Larry Page and Sergey Brin:

Co-founders of Google, the world's most popular search engine and one which has arguably been the most significant tool of the past decade. Although Google took off in 1998, Page and Brin have continued to dominate the web and their company, Googleplex is often named " Best Place to Work" in America. One of their most recent endeavours, was launched in 2004 and focused on solving worldwide problems relating to poverty, energy and the environment.

Sam Morgan:

Trade Me, the largest internet-auction website in New Zealand was founded by Morgan in 1999 and was sold for over $700 million to Fairfax in 2006.


Built single handedly by Morgan, it was the first website of its kind that catered to kiwis and was easy to use. Trade Me has grown to hold over 70 per cent of market share and with nearly 2.5 million registered users.

Steve Jobs:

CEO and Co-founder of Apple, a company that continues to astound with product innovation, Jobs has led the IT industry with Macintosh computers, OS X operating system and consumer and professional application software. In more recent years, he has revolutionised the music industry with the iPod in 2003 and digital jukebox, iTunes. Jobs was also the CEO for Pixar Animation Studios, which has produced eight of the most successful animated films of all time.

Mark Shuttleworth:

Founder of Canonical LTD, Shuttleworth has taken on Microsoft's domination of the operating system market through the development of Ubuntu Linux. Committed to free and open source software, with Ubuntu he has shown that Open Source is especially beneficial to schools and colleges across the world and in developed and developing countries.

Mike Zuckerberg:

Thanks to Zuckerberg, we've become even more successful procrastinators with the most popular social networking site, Facebook. With over 300 million users worldwide, Facebook has overtaken its older rival, MySpace. Zuckerberg has re-imagined the web as a connected community.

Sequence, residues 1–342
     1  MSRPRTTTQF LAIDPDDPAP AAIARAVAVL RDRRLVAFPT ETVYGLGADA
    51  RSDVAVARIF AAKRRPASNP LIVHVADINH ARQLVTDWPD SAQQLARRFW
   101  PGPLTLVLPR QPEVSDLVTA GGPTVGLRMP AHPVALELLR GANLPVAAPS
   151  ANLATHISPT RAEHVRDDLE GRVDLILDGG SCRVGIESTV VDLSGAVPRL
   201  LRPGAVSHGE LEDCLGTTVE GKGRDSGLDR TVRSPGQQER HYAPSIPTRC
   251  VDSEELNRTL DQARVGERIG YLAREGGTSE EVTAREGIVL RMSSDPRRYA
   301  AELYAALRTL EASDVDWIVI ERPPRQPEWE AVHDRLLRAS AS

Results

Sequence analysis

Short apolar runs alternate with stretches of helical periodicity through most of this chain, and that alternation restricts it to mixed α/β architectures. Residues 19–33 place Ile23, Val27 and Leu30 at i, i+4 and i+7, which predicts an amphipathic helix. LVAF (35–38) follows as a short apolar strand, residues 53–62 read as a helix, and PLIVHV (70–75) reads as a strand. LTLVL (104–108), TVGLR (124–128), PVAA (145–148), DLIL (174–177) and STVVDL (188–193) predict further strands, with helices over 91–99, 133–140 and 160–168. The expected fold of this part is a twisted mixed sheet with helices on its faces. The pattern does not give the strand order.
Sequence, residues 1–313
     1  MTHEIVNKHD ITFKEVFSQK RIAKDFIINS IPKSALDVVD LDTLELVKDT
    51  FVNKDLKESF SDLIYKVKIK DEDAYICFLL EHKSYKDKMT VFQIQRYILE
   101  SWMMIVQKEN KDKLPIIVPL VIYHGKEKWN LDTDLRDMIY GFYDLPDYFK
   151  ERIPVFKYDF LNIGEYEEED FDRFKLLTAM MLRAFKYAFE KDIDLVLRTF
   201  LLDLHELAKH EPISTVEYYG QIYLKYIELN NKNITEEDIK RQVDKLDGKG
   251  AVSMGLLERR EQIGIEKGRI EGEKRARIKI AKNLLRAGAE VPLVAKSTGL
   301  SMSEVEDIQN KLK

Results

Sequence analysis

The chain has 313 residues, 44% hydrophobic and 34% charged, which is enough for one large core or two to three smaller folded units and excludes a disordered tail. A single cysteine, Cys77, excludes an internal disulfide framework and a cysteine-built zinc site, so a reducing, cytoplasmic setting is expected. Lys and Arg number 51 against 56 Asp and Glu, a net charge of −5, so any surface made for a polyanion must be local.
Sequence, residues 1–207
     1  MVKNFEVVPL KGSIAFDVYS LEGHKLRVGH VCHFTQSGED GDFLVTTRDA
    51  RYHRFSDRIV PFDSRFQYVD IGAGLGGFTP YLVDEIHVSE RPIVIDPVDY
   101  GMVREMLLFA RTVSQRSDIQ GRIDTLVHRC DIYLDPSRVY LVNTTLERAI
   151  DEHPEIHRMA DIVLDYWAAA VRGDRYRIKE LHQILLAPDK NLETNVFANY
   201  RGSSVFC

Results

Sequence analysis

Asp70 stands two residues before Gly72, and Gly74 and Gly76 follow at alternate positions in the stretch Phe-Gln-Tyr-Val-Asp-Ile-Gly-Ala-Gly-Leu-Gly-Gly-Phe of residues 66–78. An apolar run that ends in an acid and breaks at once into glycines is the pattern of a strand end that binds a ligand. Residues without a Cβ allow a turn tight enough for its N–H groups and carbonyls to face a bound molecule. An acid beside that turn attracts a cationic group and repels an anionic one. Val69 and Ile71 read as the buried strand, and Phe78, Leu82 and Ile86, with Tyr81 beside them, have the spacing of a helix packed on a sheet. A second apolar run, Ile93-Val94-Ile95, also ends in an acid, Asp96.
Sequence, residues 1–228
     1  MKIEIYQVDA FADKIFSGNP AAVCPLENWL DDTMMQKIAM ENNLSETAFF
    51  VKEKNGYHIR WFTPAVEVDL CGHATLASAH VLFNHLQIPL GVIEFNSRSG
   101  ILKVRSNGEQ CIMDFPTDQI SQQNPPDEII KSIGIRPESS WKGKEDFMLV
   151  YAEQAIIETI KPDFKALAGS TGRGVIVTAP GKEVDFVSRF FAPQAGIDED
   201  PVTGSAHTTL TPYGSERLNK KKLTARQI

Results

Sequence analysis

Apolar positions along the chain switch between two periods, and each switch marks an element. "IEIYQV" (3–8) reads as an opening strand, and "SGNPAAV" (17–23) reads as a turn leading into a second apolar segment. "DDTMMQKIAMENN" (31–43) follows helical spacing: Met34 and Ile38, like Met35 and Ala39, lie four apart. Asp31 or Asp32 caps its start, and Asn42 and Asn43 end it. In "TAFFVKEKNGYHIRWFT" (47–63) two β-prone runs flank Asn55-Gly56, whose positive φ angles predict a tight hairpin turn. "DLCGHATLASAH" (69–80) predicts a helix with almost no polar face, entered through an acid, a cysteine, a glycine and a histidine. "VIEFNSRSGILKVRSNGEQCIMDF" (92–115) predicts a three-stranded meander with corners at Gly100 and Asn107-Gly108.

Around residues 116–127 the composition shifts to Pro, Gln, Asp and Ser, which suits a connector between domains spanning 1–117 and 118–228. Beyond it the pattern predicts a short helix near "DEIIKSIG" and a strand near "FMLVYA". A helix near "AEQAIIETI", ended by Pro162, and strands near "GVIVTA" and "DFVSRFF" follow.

Meg Whitman:


As CEO of eBay for most of the decade, Whitman was a key leader of the societal shift to online auctions. Under her guidance the company placed heavy emphasis on customer input and involvement, and eBay flourished.

Jimmy Wales:

Founder of Wikipedia, Wales made life a whole lot easier when the free online encyclopaedia hit the web in 2001. Wikipedia now boasts more than 3.1 million articles in English and is one of the top five visited sites in the world.

Biz Stone:

Co-founder of Twitter, one of the world's fastest growing social networking companies, Stone has created a new and original form of communication. Adopted worldwide, the microblogging service restricts each entry - called "tweets" - to 140 characters and is a new way for people to express themselves, and access opinions and information.

Rod Drury:

Founder and CEO of online accounting software provider Xero, Drury is focusing on the world market, and his software has so far made life easier for small businesses in 25 countries. He is a New Zealand pioneer of the "Software as a Service" movement which is rapidly replacing software installed on computers and changing the way people work.

Drury also founded AfterMail, which was bought by Quest Software in January 2006 and won Best Exchange Product at TechEd 2006.

He was named as a Kea World Class New Zealander in 2008 and was New Zealand Hi-Tech Entrepreneur of the Year in 2006 and 2007.

Mitchell Baker:

Chairperson of the Mozilla Foundation that launched the Firefox browser in 2004, Baker aimed to keep the web open and loosen the strangle hold Internet Explorer had over other browsers. Now Firefox's market share has reached 25 per cent while the world's most popular browser, Internet Explorer has slipped to 64 per cent.